Commission chambers

Woodward City Commissioners met Monday evening before an all but empty room to discuss and approve an ordinance amendment addressing testing fees and charges for damage to the new automated water meters.

The pricing for testing on each size meter was adjusted to match the price charged to conduct the tests. According to City Clerk Andrea Martin, the prices listed previously had not been updated in years and were not accurate, even for the old system. The City also does not make a profit from the testing fees. The fee that is charged is the cost of test and does not benefit the City.

Testing procedures remain the same as the have been in the past. If a resident has an issue with their water bill, they have always been able to and can still contact the City and someone will examine the meter onsite to see if there is an issue.

“Anytime you had a question about your reading - you thought it was too much - we manually went out and reread those, and looked at prior months, and everything else to make sure that it wasn’t an over usage,” said Assistant City Manager Shaun Barnett. “Could have been a leak because they were gone. We did that prior (to the new meters), we will continue to do that with the new meters as well.”

Only after the typical examination and at the written request of the resident, would the meter be removed, replaced, and sent off for testing. According to Martin, tests are rarely requested.

If the meter is removed at the customer’s written request, the meter will be sent to a testing facility that is certified to test water meters pursuant to the American Water Works Standards, according to the approved ordinance amendment. According to City Attorney Aaron Sims, the City does not have the ability to test the new meters in-house.

If the test results show an error against the customer of more than three percent in the meter’s registry, the excess of the consumption on the three previous readings shall be credited to the customer’s account and the water department shall bear the entire expense of the test, the ordinance states.

However, if the test shows no such error, the person who has required the test shall pay the charge for the test and all related expenses including postage/freight to and from the testing facility.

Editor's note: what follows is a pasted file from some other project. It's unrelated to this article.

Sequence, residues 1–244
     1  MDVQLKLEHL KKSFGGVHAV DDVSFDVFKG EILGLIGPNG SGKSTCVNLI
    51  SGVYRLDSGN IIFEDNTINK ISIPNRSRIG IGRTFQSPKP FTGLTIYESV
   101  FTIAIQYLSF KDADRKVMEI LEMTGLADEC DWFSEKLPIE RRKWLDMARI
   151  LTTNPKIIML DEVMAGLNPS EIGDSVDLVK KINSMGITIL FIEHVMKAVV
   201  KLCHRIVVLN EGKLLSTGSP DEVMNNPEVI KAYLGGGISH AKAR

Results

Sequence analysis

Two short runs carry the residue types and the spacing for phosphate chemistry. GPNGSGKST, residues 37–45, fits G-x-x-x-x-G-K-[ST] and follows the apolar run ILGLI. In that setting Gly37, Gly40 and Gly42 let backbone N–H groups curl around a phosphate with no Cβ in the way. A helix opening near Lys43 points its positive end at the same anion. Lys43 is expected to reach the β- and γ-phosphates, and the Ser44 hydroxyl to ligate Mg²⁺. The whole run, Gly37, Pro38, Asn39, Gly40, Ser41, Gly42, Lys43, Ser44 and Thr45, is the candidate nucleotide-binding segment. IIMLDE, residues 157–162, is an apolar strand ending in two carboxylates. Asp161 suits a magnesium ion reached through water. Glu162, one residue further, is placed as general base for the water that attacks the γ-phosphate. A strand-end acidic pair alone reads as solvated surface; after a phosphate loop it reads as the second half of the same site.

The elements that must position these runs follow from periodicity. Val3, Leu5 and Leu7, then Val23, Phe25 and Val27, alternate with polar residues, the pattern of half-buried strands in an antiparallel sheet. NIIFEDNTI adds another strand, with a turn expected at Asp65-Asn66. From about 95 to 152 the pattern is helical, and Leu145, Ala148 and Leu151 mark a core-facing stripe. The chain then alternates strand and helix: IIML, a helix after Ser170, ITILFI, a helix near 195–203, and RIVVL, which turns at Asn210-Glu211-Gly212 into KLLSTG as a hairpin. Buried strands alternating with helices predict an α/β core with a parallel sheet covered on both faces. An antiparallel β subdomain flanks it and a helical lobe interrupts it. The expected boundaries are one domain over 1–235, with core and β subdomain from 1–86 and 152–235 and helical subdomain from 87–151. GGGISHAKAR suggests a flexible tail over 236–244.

One of only two local residents in attendance, Randy Myers, asked commissioners why they specified a three percent margin stating concern for the elderly community’s ability to pay to cost. Barnett explained that the three percent is suggested by the manufacturer.

“There’s not a meter on the market that does not have a discrepancy amount to it,” Barnett explained. “That is the recommended amount from the manufacturer.”

Commissioner Roscoe Hill expressed his frustration with the fees.

“For some reason I thought the reason we were putting these in is that it’s trouble free,” Hill said. “So now we’re talking about (how) we’re going to have trouble with them?”

Hill was assured that no piece of equipment is ever trouble free, and that the procedures are being set so that customers have the option and right to test their meters.

“Even if that meter is 100 percent accurate, if they complain and request that it be tested, we need to have a procedure in place that will allow for that testing to occur,” Sims explained.

The second part of the approved amendment set charges for damages. City Manager Alan Riffel specified that there will be allowances in some situations such as meters in high traffic areas.

Myers again expressed concern about determining who is at fault for damages to the meters. Riffel stated the damaged meters would be dealt with on a case-by-case basis.

The amendment takes affect immediately and breaks down as follows:

Testing -

1/2 inch to 1-inch meters - $150

1 and 1/2 inch to 2-inch meters - $400

3-inch to 4-inch meters - $700

6-inch meters - $1,000

8-inch meters - $1,200

10-inch meters - $1,400

Damages -

Sensus Mushroom Cap - $30

Transmitter - $155

Service Call Fee (after hours & weekends) - $50

The board approved Ordinance No. 1695 amending sections 97.01 and 97.02 of the Code of Ordinances. This would amend the street naming procedures, and house and building numbering procedures to ensure they follow state guidelines for E-911 addresses.

Riffel gave a brief reporting updating commissioners on the 34th street project. According to Riffel, crews will be laying asphalt on the south mile this week. The north miles are being prepped as well. He went on to say progress should be picking up.

The City was also awarded a grant to assist the census in targeting the “underserved” areas of town, Riffel said.

The Woodward Municipal Authority approved a change order from True Solutions, LLC. relative to the Oak Avenue Storm Water Detention Pond, Project No. 170. The change order would allow for additional fill material for the outlet structure at Maple Avenues, additional payment for re-grading the pond, and add 42 additional days to the completion date, according to City documents.

The additional materials would total $6,000, however the project engineers, not the City, will ultimately be responsible for the amount, according to Sims.

The project is expected to be finished Feb. 11 as long as the weather does not cause delays, according to Barnett.

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